Actinomyces and Nocardia are gram-positive rods characterized by filamentous, tree-like branching growth, which has caused them to be confused with fungi in the past. They are opportunists that can sometimes produce indolent, slowly progressive diseases. A related genus, Streptomyces, is of medical importance as a producer of many antibiotics, but it rarely causes infections. Important differential features of these groups and of the mycobacteria to which they are related are shown in Table 28–1.
TABLE 28–1Features of Actinomycetes |Favorite Table|Download (.pdf) TABLE 28–1 Features of Actinomycetes
|GENUS ||MORPHOLOGY ||ACID-FASTNESS ||GROWTH ||SOURCE ||DISEASE |
|Actinomyces ||Branching bacilli ||None ||Anaerobic ||Oral, intestinal endogenous flora ||Chronic cellulitis, draining sinuses |
|Nocardia ||Branching bacilli ||Weaka,b ||Aerobic ||Soil ||Pneumonia, skin pustules, brain abscess |
|Rhodococcus ||Cocci to bacilli ||Variable (weaka) ||Aerobic ||Soil, horsesc ||Pneumonia |
|Streptomyces ||Branching bacilli ||None ||Aerobic ||Soil ||Extremely rared |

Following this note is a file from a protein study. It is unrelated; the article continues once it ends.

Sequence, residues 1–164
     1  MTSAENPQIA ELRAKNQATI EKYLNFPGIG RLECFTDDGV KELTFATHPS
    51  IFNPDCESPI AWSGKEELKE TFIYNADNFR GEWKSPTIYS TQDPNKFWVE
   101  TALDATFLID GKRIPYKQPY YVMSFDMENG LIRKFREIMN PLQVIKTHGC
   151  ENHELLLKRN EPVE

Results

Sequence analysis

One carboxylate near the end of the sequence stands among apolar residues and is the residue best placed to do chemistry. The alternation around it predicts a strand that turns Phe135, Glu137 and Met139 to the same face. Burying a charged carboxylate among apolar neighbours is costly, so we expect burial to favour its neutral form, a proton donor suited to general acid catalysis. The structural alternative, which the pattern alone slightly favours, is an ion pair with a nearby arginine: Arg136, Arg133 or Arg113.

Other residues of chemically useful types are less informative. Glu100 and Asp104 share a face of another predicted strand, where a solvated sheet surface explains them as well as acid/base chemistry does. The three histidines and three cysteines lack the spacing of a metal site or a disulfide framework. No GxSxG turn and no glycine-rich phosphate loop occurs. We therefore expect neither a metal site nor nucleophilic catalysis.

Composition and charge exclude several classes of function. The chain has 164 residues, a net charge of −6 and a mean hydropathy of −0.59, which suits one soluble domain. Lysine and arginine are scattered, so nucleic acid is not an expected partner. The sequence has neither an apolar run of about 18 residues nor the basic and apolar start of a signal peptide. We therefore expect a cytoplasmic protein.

Actinomycosis is a chronic inflammatory condition originating in the tissues adjacent to mucosal surfaces caused by anaerobic gram-positive branching bacilli of the genus Actinomyces that are present in the microbiota of the alimentary tract. Disease occurs when minor trauma displaces these bacteria below the mucosal barrier. The lesions follow a slow burrowing course with considerable induration and draining sinuses, eventually opening through the skin. The exact nature depends on the organs and structures involved.
Actinomyces are typically elongated gram-positive rods that branch at acute angles (Figure 28–1). They are gram-positive bacilli that grow slowly (4-10 days) under microaerophilic or strictly anaerobic conditions. In pus and tissues, the most characteristic form is the sulfur granule (Figure 28–2). This yellow-orange granule, named for its gross resemblance to a grain of sulfur, is a microcolony of intertwined branching Actinomyces filaments solidified with elements of tissue exudate.
✺ Slow-growing anaerobic branching gram-positive rods
Actinomyces. Note the angular branching of the gram-positive bacilli. (Reproduced with permission from Willey JM: Prescott, Harley, & Klein's Microbiology, 7th edition. McGraw-Hill, 2008.)
Sulfur granule. The mass is a microcolony of gram-positive bacteria and tissue elements. The branching is clearly seen only at the edge. (Reproduced with permission from Connor DH, Chandler FW, Schwartz DQ, et al: Pathology of Infectious Diseases. Stamford CT: Appleton & Lange, 1997.)
Species of Actinomyces are distinguished on the basis of biochemical reactions, cultural features, and cell wall composition. Most human actinomycosis is caused ...